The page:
Review of Carnavoria by Laurie Saurborn Young
Syracuse: H_gnm_n Books, 2012. 102 pgs. $14.95, paper.
Laurie Saurborn Young's poems in Carnavoria provide speakers who are constantly shifting and changing, both delighting in that change and hoping to catch some whirlwind of transcendence, if only by capturing each bewildering image as it comes. In the first section of the book, bodies of water, and the constant image of what we find and can become in the depths, dominate the poems. In the first poem, 'The Name of the World', five swimmers in a lake 'present the facts of [their] bodies to water' and eventually 'depart as possibility', while in 'The Exception Ode', one of Young's many shifting "you's" 'stand[s] in water' and 'break[s] into a thousand—/or is it only five?—red birds flying'. Water serves as a charged place where transformation happens, for good or ill, and the speakers are addicted to the shifting mutability it provides. Not changing is something close to death. The end of 'Moving Costs' tells us that the speaker and her sister, who have remained in a 'tiny town in California', 'stay and wait to hear back from bravery as it burrows toward the sea'. To stay means to not be with bravery at the sea (which is that place where anything is possible); these poems are brave, and they never stay in one place. They remain liminal and always at the edge of possibility.
Another theme throughout Carnavoria, the very opposite of the liminality described above, is the need to know all possibilities and see them play out. Often, the poems seem to be setting off several little thought experiments at once. In "Goodnight Moon", after a series of hypothetical scenarios, the speaker says 'Years ago I wanted a series of parallel/lives, to see how it turns out for all of me', and the poems themselves do this, providing us with a narrator who stays, a narrator who goes, a narrator who becomes David Byrne, a narrator that is "5 hounds/ on 100 trails", and a narrator who becomes 'all kinds of scenery', among others. Many of these poems, like little tornadoes, seem to want to include everything in their swirling and shifting mass: the lines 'Today someone asks me how I am and I say/Everything' are about as close to capturing the heart of this books as any blurb or review could get.
Even as change is welcomed, Saurborn Young's poems also tell us about the downside of constant change. Sometimes, the poems in Carnavoria are simply lonely. In 'What I Can Tell You,' the speaker gives a chronicle of things that the speaker has lost:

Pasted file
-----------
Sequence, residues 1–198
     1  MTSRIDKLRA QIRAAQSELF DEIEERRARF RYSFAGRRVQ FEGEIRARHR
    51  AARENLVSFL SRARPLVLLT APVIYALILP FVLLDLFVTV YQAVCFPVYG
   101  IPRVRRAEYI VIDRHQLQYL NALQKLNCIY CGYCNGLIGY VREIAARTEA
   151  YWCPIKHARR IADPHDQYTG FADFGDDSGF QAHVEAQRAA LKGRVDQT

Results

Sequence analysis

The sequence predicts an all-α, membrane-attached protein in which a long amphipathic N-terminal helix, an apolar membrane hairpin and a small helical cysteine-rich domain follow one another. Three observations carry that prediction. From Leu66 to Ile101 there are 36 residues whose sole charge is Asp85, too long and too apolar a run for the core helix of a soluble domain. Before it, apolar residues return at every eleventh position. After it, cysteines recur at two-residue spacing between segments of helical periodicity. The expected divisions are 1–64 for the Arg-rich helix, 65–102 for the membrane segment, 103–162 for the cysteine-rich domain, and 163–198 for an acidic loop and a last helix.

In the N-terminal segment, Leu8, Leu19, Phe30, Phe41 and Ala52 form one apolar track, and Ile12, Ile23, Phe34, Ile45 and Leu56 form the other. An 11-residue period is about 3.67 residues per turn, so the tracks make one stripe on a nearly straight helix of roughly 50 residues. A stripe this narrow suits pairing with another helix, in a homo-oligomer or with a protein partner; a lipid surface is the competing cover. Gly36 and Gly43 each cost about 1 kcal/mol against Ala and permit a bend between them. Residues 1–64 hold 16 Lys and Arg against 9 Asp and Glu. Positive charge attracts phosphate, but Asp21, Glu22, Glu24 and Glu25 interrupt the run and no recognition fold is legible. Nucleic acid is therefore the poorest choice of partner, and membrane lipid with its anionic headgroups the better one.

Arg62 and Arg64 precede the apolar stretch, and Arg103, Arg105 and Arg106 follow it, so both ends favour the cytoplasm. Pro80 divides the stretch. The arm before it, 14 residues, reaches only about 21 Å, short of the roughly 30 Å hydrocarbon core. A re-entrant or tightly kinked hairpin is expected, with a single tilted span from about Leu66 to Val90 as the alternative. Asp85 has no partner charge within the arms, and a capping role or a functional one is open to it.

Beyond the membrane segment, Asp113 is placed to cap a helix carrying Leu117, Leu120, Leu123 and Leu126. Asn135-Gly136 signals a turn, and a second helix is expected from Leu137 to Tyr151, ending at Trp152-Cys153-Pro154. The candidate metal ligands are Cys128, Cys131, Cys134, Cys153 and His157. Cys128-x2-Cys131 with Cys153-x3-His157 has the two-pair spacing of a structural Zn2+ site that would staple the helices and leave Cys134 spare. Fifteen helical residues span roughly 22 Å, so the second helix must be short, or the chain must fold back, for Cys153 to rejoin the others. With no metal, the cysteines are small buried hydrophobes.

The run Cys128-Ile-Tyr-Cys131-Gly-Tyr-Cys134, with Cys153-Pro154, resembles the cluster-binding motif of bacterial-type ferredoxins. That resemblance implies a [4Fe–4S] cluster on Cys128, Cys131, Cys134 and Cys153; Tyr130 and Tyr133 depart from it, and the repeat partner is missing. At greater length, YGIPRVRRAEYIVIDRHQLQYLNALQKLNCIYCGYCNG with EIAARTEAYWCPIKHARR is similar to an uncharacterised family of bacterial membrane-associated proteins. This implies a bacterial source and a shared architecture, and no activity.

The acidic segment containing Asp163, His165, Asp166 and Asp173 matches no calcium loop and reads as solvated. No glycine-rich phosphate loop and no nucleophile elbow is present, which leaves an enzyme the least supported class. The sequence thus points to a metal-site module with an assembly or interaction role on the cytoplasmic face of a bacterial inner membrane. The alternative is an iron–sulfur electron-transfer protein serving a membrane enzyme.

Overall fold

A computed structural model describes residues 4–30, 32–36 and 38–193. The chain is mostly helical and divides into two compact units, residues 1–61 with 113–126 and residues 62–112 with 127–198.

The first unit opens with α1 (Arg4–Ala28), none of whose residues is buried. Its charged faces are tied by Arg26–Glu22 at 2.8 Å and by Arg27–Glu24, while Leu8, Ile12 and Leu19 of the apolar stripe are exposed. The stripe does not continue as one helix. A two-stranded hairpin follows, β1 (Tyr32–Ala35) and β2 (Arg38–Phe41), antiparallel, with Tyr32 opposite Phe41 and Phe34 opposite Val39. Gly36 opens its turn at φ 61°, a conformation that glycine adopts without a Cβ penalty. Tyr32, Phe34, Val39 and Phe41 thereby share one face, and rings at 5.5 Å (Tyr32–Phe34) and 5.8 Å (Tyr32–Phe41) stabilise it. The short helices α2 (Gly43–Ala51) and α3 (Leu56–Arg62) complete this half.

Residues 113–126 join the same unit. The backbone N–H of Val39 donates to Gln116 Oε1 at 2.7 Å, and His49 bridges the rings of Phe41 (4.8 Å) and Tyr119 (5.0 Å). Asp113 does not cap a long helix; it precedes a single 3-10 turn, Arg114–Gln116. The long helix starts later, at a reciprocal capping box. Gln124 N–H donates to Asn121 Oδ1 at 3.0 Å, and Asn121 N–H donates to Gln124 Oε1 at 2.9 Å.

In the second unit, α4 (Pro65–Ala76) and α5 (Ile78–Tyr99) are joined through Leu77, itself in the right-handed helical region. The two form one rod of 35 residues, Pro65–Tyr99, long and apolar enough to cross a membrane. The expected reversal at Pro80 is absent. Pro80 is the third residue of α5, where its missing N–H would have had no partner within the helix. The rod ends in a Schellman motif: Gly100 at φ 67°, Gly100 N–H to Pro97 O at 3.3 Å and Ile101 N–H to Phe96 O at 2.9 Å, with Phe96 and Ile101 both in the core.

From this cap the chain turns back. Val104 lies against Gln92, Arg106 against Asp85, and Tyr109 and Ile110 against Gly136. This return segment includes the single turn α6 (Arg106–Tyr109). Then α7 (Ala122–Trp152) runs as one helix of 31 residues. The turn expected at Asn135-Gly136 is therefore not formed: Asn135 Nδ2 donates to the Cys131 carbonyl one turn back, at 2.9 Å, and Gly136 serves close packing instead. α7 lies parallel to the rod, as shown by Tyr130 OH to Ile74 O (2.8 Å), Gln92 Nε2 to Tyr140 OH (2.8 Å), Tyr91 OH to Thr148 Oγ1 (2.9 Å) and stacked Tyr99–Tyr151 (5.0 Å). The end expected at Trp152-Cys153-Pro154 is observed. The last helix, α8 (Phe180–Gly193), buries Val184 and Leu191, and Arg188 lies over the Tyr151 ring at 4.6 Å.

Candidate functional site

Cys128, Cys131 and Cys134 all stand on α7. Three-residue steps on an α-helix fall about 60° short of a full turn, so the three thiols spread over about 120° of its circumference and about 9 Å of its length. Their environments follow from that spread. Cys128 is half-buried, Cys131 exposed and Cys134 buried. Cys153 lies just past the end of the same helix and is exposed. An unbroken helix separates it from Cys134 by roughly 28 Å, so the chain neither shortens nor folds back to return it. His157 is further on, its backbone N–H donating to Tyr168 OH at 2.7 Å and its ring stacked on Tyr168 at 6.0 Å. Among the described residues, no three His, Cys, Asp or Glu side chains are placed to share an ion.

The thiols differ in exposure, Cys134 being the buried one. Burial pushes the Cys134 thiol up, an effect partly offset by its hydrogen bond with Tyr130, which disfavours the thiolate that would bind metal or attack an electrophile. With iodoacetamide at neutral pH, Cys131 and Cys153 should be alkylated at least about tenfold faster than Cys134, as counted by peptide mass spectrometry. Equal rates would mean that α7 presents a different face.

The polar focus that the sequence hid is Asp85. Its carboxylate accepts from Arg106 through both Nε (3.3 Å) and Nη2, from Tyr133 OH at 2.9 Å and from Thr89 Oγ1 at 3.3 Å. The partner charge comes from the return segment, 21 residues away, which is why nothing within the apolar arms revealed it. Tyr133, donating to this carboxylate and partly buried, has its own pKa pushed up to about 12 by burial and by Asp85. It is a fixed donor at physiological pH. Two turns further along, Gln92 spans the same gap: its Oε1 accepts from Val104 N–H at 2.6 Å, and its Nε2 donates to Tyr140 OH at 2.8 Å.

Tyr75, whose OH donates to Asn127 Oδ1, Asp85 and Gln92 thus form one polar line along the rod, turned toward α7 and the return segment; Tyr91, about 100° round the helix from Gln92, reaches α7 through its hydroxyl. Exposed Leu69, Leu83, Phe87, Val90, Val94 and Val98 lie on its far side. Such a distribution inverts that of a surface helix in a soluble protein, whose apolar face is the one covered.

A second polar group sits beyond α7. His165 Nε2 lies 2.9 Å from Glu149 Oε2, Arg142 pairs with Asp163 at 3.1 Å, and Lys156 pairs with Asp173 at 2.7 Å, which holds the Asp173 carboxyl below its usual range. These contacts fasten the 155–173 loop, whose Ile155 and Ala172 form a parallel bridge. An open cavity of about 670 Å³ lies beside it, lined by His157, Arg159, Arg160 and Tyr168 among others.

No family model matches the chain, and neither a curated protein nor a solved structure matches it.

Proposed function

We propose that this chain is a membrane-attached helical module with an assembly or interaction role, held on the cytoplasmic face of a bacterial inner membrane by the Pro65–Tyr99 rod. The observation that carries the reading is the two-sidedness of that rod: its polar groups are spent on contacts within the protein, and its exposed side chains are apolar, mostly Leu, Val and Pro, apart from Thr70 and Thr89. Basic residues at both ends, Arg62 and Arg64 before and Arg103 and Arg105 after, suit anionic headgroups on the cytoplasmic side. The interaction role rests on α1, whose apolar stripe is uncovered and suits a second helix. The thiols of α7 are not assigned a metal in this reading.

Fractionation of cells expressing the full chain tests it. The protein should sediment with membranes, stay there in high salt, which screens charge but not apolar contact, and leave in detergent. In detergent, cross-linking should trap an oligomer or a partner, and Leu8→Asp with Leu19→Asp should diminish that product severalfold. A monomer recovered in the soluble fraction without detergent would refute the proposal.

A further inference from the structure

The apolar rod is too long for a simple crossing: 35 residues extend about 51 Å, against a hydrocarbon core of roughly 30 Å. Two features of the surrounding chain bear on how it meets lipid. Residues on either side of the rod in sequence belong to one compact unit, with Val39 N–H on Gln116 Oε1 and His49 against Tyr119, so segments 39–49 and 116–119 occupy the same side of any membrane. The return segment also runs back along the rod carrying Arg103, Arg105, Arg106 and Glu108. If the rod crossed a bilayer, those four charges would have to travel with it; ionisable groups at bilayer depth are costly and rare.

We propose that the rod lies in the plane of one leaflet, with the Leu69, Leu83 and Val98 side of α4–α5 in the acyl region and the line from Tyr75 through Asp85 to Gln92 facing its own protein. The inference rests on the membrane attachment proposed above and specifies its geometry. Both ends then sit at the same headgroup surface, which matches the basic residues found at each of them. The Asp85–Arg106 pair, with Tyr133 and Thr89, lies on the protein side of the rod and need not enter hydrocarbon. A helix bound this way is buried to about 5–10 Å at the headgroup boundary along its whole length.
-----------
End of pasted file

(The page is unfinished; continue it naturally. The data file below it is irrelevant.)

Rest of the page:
Once I had a niece,
but I left her out in the sun too long. I left her with
wedding china, old pictures of camping trips,
a cat hiding under the bed. Each night I dream
of what I left behind, though there is little of it
that I still want.
Though the speaker has been brave, has transformed into something completely different in the water, he or she has also necessarily had to leave certain things behind—people, possibilities, and lives. In 'Two', the speaker describes herself as 'a dog with six/legs' and 'the far woman on the phone singing'. These poems also see the fundamental loneliness of simply being a person in a separate body from other people, each of us unable to completely know another:
Aren't we all lost each night, as stars turn
to others, signals strong or faint? How I look
Out this window does not transfer. It just simply
Although the book has a few clear threads and recurring characters (speakers with common stories, a sister) it seems foolish to boil Carnavoria down to themes; the book, like the individual poems, spins in all directions at full speed. It's the voice of each narrator that holds the poems together and makes each new image and idea seem both completely strange and completely inevitable. Carnavoria's poems, like all the best poems, resist the intelligence almost—but not quite—successfully.
Letitia Trent's work has appeared in the Denver Quarterly, The Black Warrior Review, Fence, Folio, The Journal, Diode, Blazevox, and many others. Her first full-length poetry collection, One Perfect Bird, is available from Sundress Publications. Her chapbooks include You aren't in this movie (dancing girl press), Splice (Blue Hour Press) and The Medical Diaries (Scantily Clad Press). She was the 2010 winner of the Alumni Flash Writing Award from the Ohio State University's The Journal and has been awarded fellowships from The Vermont Studio Center and the MacDowell Colony. Letitia is a former co-editor of 21 Stars Review, a journal of constraints.